The Importance of an Annual Physical

We take our kids for regular check-ups including dental and vision appointments. We even take our dogs to the vet and give them preventive medications to stay healthy. But, when was the last time YOU had a doctor’s appointment. Not because you had the flu or strep throat, but because it was time for your preventive appointment. Why does preventive care really matter?

Why care about preventive care?

How do you stop a problem before it starts? You prevent it from happening! Same goes for your health – prevention is key to being a smart patient. It's simple: when you get proper preventive care, you are taking steps that could save your life. It gives you a much greater chance of catching a disease or illness early, when most treatable – and sometimes you can stop it before it starts.

The easiest way to get into the habit of preventative care is to make an appointment with your primary care physician for a complete physical. This means you will be seeing your doctor when you are well, and when you both have sufficient time scheduled to discuss your current health and your medical history, and to conduct a complete physical exam. At the end of the appointment, the two of you can decide just how often you should make an appointment for a routine physical and screening examinations. Timing of well visits varies depending on your age, gender, and overall health.

Relationships are key… especially with your physician.

A Primary Care Physician, or PCP, may come from a Family Medicine group or Internal Medicine, but he or she specializes in diagnosing, treating and preventing a wide variety of conditions. But the importance of a PCP extends beyond his or her ability to cover lots of different conditions. Establishing care with a PCP affords you consistency and efficiency on many levels:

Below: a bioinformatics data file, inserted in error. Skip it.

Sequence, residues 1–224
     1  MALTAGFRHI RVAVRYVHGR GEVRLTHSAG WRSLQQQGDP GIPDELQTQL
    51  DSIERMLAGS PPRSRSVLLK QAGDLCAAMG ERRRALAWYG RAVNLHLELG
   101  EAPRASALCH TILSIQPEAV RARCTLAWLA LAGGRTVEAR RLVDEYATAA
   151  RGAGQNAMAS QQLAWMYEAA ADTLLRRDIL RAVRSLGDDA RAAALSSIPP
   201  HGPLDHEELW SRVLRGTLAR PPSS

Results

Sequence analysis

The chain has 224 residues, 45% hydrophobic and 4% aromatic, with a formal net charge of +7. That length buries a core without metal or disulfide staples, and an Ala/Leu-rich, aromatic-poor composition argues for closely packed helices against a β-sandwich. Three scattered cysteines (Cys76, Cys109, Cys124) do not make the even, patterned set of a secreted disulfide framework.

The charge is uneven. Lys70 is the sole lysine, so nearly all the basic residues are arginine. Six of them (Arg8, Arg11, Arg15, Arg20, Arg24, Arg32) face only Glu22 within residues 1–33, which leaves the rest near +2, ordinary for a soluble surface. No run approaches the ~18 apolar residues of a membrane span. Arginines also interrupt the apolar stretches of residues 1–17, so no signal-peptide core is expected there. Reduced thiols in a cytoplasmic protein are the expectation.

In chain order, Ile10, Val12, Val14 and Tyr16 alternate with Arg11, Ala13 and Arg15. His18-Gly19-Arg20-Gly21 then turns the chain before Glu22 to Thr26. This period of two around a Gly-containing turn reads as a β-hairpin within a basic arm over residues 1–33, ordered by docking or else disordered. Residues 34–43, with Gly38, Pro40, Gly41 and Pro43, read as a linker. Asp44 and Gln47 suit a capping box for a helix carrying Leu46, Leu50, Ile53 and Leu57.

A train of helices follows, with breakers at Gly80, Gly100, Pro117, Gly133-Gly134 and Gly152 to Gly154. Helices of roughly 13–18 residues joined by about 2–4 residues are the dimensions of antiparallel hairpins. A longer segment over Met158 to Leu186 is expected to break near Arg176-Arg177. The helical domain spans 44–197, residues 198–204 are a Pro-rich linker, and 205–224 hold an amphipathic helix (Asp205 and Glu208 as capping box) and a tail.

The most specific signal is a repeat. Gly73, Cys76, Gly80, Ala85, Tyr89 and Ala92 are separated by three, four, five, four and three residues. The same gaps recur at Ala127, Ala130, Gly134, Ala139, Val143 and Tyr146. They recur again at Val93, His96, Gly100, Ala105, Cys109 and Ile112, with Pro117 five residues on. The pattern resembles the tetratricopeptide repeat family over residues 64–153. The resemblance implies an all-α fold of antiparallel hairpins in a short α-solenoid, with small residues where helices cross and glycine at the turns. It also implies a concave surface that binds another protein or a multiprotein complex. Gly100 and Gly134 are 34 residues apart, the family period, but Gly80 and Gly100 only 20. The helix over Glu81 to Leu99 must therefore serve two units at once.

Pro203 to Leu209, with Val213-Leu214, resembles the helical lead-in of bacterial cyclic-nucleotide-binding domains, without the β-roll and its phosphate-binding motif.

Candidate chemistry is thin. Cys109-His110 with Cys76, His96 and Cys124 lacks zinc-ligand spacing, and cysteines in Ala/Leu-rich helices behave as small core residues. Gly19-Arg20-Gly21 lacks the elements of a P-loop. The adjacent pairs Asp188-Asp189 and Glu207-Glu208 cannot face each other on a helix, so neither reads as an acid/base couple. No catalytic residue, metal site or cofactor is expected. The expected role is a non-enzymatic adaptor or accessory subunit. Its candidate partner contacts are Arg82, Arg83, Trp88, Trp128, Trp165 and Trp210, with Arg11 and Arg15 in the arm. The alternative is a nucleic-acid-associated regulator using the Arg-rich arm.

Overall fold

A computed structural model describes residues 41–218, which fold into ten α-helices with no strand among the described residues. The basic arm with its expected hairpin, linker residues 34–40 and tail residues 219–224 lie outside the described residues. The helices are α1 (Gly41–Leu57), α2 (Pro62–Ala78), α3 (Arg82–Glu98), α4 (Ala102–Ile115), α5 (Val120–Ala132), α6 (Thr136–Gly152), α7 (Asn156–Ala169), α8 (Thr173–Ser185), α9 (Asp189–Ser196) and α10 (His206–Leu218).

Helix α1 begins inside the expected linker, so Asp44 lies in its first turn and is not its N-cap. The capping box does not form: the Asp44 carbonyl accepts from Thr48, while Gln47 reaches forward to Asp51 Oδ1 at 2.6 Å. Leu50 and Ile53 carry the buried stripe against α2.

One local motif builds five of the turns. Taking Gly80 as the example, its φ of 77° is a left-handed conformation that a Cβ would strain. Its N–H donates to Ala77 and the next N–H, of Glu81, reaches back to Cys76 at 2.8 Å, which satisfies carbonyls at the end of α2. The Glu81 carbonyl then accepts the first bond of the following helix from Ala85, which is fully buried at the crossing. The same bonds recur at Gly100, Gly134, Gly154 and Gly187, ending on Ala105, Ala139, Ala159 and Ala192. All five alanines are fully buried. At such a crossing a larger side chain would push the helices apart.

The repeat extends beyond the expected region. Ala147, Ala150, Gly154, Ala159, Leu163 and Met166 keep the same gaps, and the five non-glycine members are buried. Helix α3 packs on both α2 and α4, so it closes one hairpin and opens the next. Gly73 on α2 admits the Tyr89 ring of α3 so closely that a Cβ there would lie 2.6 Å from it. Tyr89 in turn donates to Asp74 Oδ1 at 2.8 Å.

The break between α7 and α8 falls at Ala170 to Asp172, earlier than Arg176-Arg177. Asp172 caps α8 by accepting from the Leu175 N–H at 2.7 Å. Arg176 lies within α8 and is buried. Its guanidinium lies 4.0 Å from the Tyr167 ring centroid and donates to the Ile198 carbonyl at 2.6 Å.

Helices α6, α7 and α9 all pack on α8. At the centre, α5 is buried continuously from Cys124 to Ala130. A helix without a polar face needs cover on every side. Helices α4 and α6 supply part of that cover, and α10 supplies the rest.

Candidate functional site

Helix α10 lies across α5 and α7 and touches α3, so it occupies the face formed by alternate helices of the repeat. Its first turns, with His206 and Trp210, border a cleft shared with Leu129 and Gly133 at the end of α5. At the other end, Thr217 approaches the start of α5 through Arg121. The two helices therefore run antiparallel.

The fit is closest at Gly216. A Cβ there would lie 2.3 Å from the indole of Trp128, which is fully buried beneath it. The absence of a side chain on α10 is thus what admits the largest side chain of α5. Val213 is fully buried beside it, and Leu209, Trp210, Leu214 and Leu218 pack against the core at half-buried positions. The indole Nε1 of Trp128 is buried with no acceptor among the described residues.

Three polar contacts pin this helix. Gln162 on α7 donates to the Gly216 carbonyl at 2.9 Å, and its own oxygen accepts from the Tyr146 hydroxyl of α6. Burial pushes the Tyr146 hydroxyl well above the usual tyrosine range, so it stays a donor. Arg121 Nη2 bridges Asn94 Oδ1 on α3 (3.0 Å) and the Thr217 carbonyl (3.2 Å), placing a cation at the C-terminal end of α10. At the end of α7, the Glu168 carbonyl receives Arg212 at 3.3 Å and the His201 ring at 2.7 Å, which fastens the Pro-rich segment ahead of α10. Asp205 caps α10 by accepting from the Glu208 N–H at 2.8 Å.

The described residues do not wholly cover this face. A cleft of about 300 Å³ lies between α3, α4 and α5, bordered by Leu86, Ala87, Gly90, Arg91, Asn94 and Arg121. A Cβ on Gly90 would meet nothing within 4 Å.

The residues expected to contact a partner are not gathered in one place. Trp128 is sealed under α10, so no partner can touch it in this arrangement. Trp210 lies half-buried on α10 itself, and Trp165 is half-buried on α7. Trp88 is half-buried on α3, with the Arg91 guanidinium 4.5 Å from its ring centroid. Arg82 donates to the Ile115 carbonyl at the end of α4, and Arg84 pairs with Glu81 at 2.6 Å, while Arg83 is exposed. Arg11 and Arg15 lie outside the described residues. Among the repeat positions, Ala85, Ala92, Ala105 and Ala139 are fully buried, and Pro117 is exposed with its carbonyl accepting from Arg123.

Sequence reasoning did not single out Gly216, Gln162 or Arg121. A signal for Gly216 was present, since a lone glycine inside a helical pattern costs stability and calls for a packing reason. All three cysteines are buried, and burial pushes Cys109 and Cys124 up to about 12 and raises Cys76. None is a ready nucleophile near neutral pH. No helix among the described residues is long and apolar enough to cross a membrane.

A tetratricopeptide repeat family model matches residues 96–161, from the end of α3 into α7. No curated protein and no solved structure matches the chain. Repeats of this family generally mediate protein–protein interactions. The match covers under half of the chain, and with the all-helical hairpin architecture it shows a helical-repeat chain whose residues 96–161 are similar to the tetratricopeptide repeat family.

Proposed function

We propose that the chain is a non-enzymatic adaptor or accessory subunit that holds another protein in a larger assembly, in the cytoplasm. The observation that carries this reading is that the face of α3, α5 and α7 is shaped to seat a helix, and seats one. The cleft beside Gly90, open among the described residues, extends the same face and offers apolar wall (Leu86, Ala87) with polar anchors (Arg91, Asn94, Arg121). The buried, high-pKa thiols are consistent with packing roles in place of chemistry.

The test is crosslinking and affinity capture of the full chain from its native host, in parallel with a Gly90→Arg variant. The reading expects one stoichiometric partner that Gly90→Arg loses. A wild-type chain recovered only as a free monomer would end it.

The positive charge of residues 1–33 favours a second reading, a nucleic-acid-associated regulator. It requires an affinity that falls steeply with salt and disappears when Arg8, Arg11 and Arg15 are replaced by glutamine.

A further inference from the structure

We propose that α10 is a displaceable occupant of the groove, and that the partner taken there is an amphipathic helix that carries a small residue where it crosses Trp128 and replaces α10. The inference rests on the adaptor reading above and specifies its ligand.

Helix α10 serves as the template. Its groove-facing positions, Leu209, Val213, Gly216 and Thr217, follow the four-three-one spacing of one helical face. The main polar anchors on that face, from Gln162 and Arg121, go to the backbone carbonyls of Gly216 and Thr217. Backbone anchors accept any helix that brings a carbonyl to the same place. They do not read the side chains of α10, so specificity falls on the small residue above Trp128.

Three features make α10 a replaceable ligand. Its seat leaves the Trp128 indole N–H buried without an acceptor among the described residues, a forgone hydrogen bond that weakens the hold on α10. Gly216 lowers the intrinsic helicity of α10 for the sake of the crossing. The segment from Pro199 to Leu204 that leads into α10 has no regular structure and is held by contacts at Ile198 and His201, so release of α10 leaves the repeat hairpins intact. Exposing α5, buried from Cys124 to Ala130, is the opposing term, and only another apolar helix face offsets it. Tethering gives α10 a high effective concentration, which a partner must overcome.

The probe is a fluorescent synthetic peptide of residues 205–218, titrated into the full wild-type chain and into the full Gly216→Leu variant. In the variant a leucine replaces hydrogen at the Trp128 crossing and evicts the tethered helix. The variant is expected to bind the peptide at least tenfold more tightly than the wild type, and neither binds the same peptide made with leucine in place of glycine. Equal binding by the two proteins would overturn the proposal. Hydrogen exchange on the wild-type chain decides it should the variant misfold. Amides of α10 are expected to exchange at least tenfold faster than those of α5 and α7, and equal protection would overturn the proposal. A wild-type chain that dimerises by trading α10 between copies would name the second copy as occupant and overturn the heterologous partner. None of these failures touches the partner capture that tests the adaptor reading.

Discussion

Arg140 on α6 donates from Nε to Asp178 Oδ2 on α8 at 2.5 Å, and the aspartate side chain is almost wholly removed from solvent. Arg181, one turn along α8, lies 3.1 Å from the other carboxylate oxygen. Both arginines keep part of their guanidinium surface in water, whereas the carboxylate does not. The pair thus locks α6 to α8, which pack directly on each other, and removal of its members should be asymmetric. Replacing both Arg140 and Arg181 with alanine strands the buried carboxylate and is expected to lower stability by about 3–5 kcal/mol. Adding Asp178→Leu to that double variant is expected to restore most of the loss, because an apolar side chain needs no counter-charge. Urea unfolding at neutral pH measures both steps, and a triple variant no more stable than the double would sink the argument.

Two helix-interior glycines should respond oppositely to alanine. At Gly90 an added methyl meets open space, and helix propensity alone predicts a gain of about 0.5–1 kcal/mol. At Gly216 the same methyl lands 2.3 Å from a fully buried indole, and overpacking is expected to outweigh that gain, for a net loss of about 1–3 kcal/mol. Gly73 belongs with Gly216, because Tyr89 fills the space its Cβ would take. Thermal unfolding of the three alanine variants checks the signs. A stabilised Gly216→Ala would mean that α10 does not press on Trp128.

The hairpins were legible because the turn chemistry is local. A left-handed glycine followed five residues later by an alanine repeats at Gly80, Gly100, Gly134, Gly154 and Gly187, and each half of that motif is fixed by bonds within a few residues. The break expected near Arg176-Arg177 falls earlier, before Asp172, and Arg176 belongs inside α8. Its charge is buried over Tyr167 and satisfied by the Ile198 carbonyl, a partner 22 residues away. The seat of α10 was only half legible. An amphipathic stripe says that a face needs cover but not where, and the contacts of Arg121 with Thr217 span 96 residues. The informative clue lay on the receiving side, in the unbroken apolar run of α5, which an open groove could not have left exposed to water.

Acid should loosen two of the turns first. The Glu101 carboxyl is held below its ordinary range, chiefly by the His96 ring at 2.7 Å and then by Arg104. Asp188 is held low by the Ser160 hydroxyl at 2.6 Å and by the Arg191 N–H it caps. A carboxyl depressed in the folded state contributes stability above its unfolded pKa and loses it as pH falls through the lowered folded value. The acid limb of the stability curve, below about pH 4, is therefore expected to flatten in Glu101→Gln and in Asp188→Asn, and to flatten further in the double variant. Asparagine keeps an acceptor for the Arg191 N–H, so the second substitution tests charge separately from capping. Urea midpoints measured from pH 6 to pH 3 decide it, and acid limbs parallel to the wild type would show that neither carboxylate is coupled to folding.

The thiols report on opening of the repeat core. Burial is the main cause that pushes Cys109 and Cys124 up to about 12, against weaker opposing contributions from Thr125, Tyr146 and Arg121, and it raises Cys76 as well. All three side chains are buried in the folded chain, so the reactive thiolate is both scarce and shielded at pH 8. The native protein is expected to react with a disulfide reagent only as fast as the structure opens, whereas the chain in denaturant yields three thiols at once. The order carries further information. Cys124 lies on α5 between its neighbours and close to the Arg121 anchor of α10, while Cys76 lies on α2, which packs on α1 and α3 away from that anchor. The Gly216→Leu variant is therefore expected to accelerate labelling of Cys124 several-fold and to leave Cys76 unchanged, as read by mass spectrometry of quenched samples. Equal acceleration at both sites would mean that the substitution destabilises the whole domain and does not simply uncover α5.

• Familiarity: Knowing who you are is one thing, but knowing the intricacies of your health and wellness is another. A primary care provider’s goal is to deliver the care that’s right for you – not employ a one-size-fits-all approach. Tailored health care is easier when you have a meaningful relationship with your provider.
  • Prevention and condition management: A PCP is responsible for screening all major health-related conditions. If you already have a chronic condition, your PCP helps manage it and improve your quality of life. A PCP can also screen for many things including obesity, high blood pressure and diabetes. It is his or her job to look at immunization records and help with regular immunization refills.
  • Caring for you as a team: PCP are part of an expert team that can meet your exact needs. These teams are commonly comprised of physicians, nurse practitioners, physician assistants, and registered nurses. Contributing unique perspectives, the team approach provides you with well-rounded health care. Sources: mayoclinichealthsystem.org; webmd.com

 If you haven’t already, consider doing some research and picking a primary care provider who’s right for you. The continuity of care you’ll receive and familiarity you’ll experience will help you get the care that’s best for you. If you need help finding an in-network primary care provider, you can call the Diversified Service Department at 262.439.4800 for options in your area.

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